That doesn’t mean it will always be easy. It usually is a lot easier for any of us to respond like the hired hand than to respond like the good shepherd. And even when we do try to follow the approach of the good shepherd we may at times fall short.

However, God always meets us with forgiveness and assures us that following the leadership style of the Good Shepherd is possible.

Listen again to what the scripture says, “I am the Good Shepherd. I know my own and my own know me. Just as the Father knows me, I know the Father.” The passage resounds of intimacy, the intimacy between Jesus and God and the intimacy between Jesus and his followers.

We are empowered to follow Jesus’ leadership style because of the relationship we have with Jesus. His Spirit lives in us empowering us to be who we could never be on our own. We’re encouraged to listen to others with an open mind; to be more aware of the feelings of other people; to be more accepting of those who disagree with us; to set aside our need always to be right; to recognize that we may have a good idea but someone else has an even better one; and to be more caring.

When we look at our lives and those who mean or have meant the most to us, it isn’t necessarily the teacher who taught us the most Physics, the scout leader who taught us the best camping skills or the parent who taught us to be a gourmet cook that matter the most to us. It usually is the person who treated us with care, who forgave our mistakes, who stood by us when we were going through a difficult time and who celebrated with us in good times.
Hired hand or Good Shepherd?

Look to the life of Jesus, the Good Shepherd, for a model of leadership God invites you to follow in your life. Give thanks for those who have enhanced your life by their care. Invite the Spirit of the Good Shepherd to live in you and work through so you in turn maybe like a good shepherd to others.

Pastoral Prayer

Living God, we are the sheep of your pasture and you are our shepherd who never abandons us. We praise you for the many blessings you give us day by day. We thank you for forgiveness, hope and new life offered to us through Jesus. We thank you for your Holy Spirit who guides us as we try to live as your people. We thank you for those in our past and in our present who act like the good shepherd – people who love us, support us, inspire us, and care for us.

Yet we are aware of so many within the human family who need care, encouragement and someone to be their advocate. We pray for Canadians imprisoned in other countries often without a fair trial. We pray for those who still suffer the effects of ‘conversion therapy’ because in some people’s opinion they have the ‘wrong’ sexual orientation. We pray for children literally starving to death in Yemen because of war-induced famine. We pray for scientists, medical personnel, volunteers and politicians as they work to provide vaccines to as many people as quickly as they can. We pray for those overwhelmed by the responsibility of caring for someone who is ill. We pray for all who are ill, dying, or afraid.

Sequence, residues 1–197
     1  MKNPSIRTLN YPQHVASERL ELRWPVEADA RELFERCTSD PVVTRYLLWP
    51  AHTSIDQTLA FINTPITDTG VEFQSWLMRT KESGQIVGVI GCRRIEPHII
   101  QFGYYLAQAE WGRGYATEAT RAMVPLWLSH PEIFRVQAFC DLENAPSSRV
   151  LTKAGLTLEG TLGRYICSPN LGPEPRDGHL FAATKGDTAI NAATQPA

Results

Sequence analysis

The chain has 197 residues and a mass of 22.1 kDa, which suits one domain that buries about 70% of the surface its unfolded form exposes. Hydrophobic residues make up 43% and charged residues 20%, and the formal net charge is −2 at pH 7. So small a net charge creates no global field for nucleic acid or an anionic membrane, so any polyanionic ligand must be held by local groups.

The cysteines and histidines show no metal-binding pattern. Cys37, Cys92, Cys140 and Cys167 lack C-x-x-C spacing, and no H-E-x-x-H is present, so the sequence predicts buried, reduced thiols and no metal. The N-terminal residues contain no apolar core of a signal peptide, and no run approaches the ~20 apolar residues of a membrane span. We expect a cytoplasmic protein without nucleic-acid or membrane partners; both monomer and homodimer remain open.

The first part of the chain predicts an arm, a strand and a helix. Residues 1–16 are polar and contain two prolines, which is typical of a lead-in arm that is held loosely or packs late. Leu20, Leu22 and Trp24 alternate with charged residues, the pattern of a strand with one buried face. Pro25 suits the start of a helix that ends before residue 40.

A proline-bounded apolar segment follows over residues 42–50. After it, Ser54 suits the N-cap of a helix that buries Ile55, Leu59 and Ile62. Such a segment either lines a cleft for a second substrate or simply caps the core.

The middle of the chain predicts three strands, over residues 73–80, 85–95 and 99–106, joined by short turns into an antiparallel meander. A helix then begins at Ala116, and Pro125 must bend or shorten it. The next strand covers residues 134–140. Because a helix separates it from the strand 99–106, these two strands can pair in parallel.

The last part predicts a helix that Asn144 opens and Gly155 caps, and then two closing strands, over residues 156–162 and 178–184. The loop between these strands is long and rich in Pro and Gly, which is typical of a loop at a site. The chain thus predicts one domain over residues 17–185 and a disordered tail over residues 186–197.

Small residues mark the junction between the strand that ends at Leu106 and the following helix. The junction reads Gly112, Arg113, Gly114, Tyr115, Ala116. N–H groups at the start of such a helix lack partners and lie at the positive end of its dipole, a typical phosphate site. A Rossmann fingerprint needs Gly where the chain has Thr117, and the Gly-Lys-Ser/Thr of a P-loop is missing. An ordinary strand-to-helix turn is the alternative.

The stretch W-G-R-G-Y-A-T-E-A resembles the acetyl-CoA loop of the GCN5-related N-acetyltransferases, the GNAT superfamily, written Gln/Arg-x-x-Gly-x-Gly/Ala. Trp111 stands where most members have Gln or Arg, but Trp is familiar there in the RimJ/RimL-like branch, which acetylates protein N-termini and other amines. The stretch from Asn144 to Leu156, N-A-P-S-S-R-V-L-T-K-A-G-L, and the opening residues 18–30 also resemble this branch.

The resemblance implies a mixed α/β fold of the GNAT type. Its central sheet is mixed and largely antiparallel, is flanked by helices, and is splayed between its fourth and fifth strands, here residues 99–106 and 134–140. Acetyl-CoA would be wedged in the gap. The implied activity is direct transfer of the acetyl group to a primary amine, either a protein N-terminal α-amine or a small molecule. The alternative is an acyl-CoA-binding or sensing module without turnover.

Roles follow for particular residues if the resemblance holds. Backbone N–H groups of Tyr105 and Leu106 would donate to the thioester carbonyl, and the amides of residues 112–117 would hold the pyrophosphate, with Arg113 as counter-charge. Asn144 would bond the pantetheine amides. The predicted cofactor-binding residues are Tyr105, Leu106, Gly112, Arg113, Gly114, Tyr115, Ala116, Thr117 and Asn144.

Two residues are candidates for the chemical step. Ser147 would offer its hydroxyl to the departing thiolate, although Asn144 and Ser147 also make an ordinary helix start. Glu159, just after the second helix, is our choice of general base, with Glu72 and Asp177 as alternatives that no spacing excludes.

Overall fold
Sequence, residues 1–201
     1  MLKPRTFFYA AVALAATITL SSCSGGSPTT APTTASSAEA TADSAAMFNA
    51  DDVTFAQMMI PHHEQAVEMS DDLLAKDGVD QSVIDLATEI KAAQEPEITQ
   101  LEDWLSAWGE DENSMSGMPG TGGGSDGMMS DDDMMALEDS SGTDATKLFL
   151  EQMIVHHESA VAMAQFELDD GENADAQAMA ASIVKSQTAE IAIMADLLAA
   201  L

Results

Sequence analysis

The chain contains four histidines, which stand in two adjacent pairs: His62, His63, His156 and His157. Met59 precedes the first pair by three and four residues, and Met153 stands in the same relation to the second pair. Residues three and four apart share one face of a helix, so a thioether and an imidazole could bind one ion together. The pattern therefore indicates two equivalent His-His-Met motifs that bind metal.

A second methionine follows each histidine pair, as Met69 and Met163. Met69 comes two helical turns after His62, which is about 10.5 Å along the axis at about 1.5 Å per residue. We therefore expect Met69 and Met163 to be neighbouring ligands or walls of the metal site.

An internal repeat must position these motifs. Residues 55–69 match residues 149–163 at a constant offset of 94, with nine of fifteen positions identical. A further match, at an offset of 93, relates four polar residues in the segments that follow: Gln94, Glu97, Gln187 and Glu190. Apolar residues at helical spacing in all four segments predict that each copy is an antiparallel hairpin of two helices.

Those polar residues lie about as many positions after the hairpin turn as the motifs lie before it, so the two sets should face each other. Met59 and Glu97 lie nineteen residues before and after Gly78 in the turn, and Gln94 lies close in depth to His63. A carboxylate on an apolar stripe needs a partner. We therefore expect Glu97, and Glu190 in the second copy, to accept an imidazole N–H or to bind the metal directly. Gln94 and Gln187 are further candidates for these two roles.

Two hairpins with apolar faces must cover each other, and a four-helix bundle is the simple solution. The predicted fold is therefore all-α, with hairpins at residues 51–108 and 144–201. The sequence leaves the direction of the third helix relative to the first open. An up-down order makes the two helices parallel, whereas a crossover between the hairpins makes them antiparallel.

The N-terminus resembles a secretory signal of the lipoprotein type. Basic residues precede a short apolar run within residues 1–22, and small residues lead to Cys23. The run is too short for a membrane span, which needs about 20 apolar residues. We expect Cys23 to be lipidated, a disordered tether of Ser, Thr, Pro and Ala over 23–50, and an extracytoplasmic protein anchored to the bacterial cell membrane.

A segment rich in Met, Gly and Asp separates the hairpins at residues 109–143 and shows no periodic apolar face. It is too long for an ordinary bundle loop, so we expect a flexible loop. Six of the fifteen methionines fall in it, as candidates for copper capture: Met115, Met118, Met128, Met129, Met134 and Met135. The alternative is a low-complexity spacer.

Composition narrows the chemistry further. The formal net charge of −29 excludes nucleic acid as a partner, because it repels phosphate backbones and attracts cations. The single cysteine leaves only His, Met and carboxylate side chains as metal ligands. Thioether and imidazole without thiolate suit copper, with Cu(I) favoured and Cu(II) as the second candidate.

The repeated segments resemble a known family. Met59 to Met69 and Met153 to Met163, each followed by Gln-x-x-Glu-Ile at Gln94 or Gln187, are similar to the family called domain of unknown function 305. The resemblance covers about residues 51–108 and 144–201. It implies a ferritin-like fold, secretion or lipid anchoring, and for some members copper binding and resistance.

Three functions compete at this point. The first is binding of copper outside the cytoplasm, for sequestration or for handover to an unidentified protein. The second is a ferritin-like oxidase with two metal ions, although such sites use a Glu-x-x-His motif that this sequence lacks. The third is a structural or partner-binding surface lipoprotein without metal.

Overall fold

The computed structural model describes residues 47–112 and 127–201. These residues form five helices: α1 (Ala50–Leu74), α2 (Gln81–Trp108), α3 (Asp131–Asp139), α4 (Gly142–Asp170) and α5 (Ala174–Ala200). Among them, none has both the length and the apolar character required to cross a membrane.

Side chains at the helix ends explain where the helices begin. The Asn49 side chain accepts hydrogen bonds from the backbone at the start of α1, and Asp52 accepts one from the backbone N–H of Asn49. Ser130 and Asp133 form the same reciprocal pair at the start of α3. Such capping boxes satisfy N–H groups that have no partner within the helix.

We offer to you now our silent prayers for our family, our friends and ourselves…

Silence…

O God, use our congregation and each one of us individually to help bring your healing and your care to this hurting world.

We pray in the name of Jesus, the Good Shepherd. Amen.

Offering of Ourselves, Our Gifts, Our Tithes

Presenting our offering to God is a sacred act of worship. Whenever we share our money or other resources, our time or our care with others, we are saying ‘thank you’ to God for the many blessings that God gives to us.

I invite you in an act of worship to offer your gifts and your life.

♥ by secure online payment from your bank or credit card. Click here to go to our donation page to make a single or recurring donation. Multiple funds (including Sleeping Children) can be included in one donation by using the “Add Donation” button.
♥ by cheque through the mail slot at the Church office entrance or by Canada Post.
♥ by monthly PAR payments. To sign up contact stuart@waltonmemorial.com.

Offering Prayer

Gifting God, in response to your great love for us, we make our offering – the fruit of our labour and the devotion of our hearts. We ask that you bless these gifts and use them according to your will. We pray in the name of Jesus Christ. Amen.

Benediction

Go into this day and into the week to come assure that Jesus, the Good Shepherd, is with you.
Invite the Spirit of the Living Christ to work in you and through you that you may be like the good shepherd for others.
The Grace of the Lord Jesus Christ,
the Love of God, and
the Communion of the Holy Spirit
be with each one of us today and forevermore. (based on 2 Corinthians 13:13)
Amen.


Walton’s Musical Message

This morning on Facebook and on YouTube, we’re sharing a video where Linda shares with us several of our favourite hymns! Sing along!

Are You a Shepherd (More Voices #126)
♬ Shepherd Me O God (LUYH #456)
♬ Jesus, Shepherd of our souls (Ron Klusmeier, verses 1&4)
♬ Saviour like a Shepherd lead us (LUYH #330, verses 1&2)
♬ Go Now in Peace (Don Besig)


In case you missed it…

Here is Rev. Jim’s mid-week update for Wednesday, April 21th